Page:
Bookmark   May 13, 2012 at 2:16PM
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Might be best to convert that install to PE (polyethylene) tubing and John Guest fittings.

    Bookmark   May 13, 2012 at 2:37PM
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In general, I prefer my drinking water to flow through non-plastic, but I am interested to know why do you recommend this change, justalurker.

    Bookmark   May 13, 2012 at 5:32PM
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"In general, I prefer my drinking water to flow through non-plastic"

Why? Do you drink bottled water in plastic bottles?
I guess there's no PEX in your future.

PE is the recommended tubing for ROs and filter assemblies because it is easy to work with, flexible, cheap, and reliable. Using PE along with John Guest fittings makes a filter change a two minute exercise with post job leaks being a VERY rare occurrence.

Copper as you are, I think, going to find can not be flexed and bent without weakening and ultimately cracking or crimping.

Copper works fine when it is installed and left alone.
Copper is not recommended when installing and RO.

    Bookmark   May 13, 2012 at 5:42PM
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The filter change itself is easy, and does NOT involve disconnecting the connection that is leaking now - the filter case splits apart in the middle (at the "equator"), the old filter screws out,and the new one screws in. What takes the longest is taking the whole unit off the hook that holds it to the cabinet wall, since it's a tight fit.

And no, I rarely use plastic water bottles anymore (yes, I realize there is plastic everywhere, but given a choice, I avoid it. Still - if the hardware store staff convinces me to switch, I'll consider it).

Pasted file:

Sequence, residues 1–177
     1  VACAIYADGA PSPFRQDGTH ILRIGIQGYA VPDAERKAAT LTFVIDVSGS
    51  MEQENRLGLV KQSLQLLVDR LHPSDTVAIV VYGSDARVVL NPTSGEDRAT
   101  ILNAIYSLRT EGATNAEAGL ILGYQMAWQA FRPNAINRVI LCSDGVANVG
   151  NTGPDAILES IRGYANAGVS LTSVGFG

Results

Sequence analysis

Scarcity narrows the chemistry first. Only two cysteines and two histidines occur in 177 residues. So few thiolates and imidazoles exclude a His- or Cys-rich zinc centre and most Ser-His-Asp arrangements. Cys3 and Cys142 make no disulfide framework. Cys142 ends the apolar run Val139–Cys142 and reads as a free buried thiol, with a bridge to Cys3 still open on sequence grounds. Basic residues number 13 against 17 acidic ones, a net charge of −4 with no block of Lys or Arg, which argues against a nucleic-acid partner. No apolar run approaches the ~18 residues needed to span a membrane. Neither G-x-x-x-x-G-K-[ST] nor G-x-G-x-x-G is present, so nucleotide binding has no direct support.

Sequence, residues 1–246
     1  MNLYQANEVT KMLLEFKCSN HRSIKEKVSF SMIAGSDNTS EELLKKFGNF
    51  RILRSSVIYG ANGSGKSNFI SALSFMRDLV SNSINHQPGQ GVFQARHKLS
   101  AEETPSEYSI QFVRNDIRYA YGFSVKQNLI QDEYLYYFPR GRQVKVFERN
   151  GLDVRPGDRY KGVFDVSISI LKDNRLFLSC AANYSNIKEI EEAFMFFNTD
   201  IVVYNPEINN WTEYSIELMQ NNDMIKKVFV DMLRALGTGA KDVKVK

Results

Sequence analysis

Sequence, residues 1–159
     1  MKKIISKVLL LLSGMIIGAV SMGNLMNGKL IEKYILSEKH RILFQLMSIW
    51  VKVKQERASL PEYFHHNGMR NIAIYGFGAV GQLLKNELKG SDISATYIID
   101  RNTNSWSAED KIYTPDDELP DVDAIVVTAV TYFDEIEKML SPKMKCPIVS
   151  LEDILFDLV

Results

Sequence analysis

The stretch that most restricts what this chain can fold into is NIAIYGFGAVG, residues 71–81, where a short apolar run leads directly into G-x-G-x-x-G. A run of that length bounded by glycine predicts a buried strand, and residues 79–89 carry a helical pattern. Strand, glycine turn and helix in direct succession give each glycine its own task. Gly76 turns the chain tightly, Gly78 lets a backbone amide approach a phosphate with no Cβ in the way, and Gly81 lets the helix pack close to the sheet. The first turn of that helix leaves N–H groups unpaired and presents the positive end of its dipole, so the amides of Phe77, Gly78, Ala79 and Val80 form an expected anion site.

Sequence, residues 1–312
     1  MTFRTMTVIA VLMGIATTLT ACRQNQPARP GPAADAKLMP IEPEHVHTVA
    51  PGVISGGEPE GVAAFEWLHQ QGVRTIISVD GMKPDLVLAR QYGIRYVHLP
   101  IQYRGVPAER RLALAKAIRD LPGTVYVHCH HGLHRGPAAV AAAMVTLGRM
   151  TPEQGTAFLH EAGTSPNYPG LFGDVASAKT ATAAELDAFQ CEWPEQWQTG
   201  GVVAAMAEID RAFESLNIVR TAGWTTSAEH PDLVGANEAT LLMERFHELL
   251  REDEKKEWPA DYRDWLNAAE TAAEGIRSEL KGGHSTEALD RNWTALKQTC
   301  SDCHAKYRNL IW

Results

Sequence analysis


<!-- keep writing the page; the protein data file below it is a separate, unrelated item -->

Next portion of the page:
Also - what's RO?

    Bookmark   May 14, 2012 at 12:51AM
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When you take the "whole unit off the hook that holds it to the cabinet wall" and unscrew the filter you're putting stress on the copper line and that leads to leaks and failure.

Bear in mind that the water line to your filter and from your filter to the faucet is at house line pressure and when a leak occurs in can be at considerable flow resulting in considerable damage if no one is home to see and stop the leak.

RO = Reverse Osmosis.

    Bookmark   May 14, 2012 at 1:17AM
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RO water is typically so clean it is aggressive towards piping.

Plastic has the best resistance to being attacked.

The very large and cross linked molecules do not come loose as easily as copper atoms, keeping the water cleaner.

Where very high purity is needed, aluminum cladding on the outside of PE is added.
This limits the ability of air to enter through the tubing.

    Bookmark   May 14, 2012 at 11:36AM
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This is not a reverse osmosis filter.
I called multipure and they sent me a brand new piece - some sort of proprietary (they claim) compression fitting. I'm ready to do the replacement, but now can't get the old one off! I've already disconnected the section of pipe from the flex hose under the sink so it's easier to work with, but no amount of tugging will get it loose (when I took it to the hardware store looking for a replacemtn, it came apart easily, but I guess I put it back together too well - still leaks, though). Any tips?

    Bookmark   May 27, 2012 at 9:14PM